The print unit 10 is housed in a flat and box-shaped recording unit frame 20 shown in FIG. 3. The recording unit frame 20 has a reinforcing top panel 20 c having an opening, through which a user can access to paper. It is noted that in FIG. 2, the top panel 20 c is removed from the recording unit frame 20 to facilitate understanding of the print unit 10. A guide shaft 21 is provided at the rear in the frame 20 and a guide rail 22 is provided to the front therein. Both of right and left ends of the guide shaft 21 and the guide rail 22 are fixed to a right side wall 20 a and a left side wall 20 b, respectively, of the recording unit frame 20. The guide shaft 21 and the guide rail 22 guide and support a carriage 23 and the print head 23P so that they can move freely horizontally. The carriage 23 and the print head 23P are driven by a carriage drive motor 24 and can reciprocate along the guide shaft 21 and the guide rail 22 in a main scanning direction via a timing belt. The print head 23P is fixed to the front of the carriage 23. The carriage 23 is guided by the guide shaft 21. The print head 23P is guided by the guide rail 22.

On the lower surface of the print head 23P, four ink jet nozzle rows 23 a through 23 d are provided in correspondence with four ink colors as indicated by broken lines. Each nozzle row has a plurality of ink jet nozzles 23 n. A black nozzle row 23 a and a cyan nozzle row 23 b are located adjacent to each other. A magenta nozzle row 23 c and a yellow nozzle row 23 d are located adjacent to each other.

Main transport rollers (not shown) are provided below the guide shaft 21 and are supported rotatably in the print unit 10. A sheet feed motor 26 rotates the main transport rollers in a predetermined direction via a gear mechanism 27. When the sheet supply unit 2 supplies a sheet of paper, the main transport rollers transport the sheet immediately below the print head 23P almost horizontally in a paper feed direction (that is, sub-scanning direction) toward the front and discharges the sheet onto the sheet discharge table 5. The sub-scanning direction is substantially perpendicular to the main scanning direction.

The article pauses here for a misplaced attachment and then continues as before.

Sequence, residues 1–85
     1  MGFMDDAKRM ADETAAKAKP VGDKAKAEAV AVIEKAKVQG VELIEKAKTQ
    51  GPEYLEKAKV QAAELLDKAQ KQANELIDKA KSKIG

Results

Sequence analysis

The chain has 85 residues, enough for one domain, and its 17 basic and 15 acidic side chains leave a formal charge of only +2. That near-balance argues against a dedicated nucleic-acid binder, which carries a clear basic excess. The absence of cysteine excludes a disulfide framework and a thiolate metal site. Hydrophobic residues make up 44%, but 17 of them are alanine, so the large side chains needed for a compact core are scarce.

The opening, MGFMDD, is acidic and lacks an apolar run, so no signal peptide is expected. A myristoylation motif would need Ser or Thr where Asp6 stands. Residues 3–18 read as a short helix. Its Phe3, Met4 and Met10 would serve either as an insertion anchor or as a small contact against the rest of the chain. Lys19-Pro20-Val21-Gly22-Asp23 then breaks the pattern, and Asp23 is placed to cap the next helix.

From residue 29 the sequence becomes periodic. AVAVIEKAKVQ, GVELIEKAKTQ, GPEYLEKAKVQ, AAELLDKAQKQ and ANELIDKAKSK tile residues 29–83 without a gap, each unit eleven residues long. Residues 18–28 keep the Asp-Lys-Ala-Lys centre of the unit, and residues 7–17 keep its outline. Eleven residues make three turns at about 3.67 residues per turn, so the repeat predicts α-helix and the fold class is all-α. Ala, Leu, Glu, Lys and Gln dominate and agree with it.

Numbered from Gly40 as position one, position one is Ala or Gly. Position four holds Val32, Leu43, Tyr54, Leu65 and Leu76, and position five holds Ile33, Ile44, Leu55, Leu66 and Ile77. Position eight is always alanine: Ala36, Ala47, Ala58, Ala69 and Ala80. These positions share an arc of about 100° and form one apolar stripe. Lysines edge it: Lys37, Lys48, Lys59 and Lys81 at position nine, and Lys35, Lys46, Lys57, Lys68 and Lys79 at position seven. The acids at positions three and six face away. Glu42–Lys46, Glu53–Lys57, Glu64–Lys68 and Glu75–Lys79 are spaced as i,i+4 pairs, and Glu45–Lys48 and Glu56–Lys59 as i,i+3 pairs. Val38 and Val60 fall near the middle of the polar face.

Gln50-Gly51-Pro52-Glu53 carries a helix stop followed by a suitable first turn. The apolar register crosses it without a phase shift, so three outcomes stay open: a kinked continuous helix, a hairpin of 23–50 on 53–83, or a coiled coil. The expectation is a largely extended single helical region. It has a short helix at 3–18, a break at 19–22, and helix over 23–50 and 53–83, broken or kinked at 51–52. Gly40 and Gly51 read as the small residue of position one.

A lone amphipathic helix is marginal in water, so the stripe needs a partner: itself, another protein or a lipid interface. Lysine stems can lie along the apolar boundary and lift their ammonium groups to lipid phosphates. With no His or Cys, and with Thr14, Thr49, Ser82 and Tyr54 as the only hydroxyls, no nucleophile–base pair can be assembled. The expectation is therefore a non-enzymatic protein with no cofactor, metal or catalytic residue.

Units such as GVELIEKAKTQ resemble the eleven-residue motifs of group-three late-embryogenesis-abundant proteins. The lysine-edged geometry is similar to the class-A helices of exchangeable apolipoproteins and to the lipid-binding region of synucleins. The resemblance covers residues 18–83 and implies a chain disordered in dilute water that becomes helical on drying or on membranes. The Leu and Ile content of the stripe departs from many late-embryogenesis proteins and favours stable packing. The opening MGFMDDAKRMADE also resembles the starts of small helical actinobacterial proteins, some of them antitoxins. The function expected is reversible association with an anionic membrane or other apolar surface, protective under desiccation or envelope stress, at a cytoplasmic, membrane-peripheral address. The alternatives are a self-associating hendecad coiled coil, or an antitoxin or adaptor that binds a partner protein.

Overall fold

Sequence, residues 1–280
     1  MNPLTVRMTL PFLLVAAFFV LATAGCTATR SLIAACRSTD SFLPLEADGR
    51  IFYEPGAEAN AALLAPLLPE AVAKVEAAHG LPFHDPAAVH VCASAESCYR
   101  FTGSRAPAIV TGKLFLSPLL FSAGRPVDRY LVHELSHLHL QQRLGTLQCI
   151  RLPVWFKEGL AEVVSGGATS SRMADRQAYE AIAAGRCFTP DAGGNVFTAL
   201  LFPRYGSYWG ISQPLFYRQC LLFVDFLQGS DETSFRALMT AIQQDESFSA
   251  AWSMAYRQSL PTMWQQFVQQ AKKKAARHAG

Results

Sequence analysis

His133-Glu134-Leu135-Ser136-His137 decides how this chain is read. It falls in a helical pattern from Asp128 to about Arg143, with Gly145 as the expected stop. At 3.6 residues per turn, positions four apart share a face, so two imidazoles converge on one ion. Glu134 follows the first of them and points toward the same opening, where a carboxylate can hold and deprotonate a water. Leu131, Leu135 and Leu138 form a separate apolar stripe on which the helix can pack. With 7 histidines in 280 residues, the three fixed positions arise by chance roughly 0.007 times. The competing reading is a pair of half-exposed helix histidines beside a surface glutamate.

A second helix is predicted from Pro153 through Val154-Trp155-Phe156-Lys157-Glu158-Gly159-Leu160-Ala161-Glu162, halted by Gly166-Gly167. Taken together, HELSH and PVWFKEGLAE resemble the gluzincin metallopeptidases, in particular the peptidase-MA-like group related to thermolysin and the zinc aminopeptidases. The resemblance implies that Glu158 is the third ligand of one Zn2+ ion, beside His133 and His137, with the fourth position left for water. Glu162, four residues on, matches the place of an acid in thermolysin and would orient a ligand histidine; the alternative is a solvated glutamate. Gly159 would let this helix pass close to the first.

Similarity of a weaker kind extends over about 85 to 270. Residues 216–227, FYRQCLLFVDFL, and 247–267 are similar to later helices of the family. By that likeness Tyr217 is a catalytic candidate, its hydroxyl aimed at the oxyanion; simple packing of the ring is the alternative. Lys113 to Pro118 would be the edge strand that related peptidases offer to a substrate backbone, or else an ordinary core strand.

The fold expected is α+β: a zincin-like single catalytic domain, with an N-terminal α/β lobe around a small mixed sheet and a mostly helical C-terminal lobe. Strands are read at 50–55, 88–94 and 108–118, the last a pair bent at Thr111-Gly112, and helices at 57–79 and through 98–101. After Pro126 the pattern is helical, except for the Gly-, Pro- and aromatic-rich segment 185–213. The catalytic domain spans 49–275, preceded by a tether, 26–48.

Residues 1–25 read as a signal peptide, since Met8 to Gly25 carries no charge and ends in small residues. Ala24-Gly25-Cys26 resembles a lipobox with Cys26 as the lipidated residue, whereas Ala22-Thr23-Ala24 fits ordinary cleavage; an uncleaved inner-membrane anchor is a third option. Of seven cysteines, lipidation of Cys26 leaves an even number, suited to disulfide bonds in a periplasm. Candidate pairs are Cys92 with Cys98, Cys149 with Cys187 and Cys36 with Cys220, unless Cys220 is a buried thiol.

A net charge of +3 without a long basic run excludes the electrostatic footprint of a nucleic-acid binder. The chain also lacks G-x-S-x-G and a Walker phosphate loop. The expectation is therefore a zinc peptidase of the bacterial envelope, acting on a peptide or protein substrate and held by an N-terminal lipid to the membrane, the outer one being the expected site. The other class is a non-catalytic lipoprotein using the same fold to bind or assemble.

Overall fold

The maintenance mechanism 11 has a maintenance case 30 at the right edge in the print unit frame 20 near the bottom thereof.

An ink cartridge install portion is provided at the front of the ink supply unit 12. On the ink cartridge install portion, a black ink cartridge 40, a cyan ink cartridge 41, a magenta ink cartridge 42, and a yellow ink cartridge 43 are mounted in this order from the left to the right. In the inside of each ink cartridge 40-43, a flexible film member 40 a-43 a is stretched over almost the entire region thereof. Each film member 40 a-43 a divides the inside of the cartridge into a lower ink holding chamber 40 b-43 b and an upper air chamber 40 c-43 c. Each ink holding chamber 40 b-43 b contains ink. Air flows into each air chamber 40 c-43 c. The ink holding chambers 40 b through 43 b in the ink cartridges 40 through 43 contain black ink BI, cyan ink CI, magenta ink MI, and yellow ink YI, respectively.

An ink needle 44 is provided at the rear of an installation portion, in which each ink cartridge 40-43 is installed. Each ink needle 44 protrudes toward the front. A base of each ink needle 44 is connected to the print head 23P via a corresponding ink supply tube 45-48. The ink supply tubes 45 and 46 are bundled together in the middle, and the ink supply tubes 47 and 48 are bundled together in the middle. The ink supply tubes 45 and 46 are positioned one on the other at their regions near to the print head 23P. Similarly, the ink supply tubes 47 and 48 are located one on the other at their regions near to the print head 23P.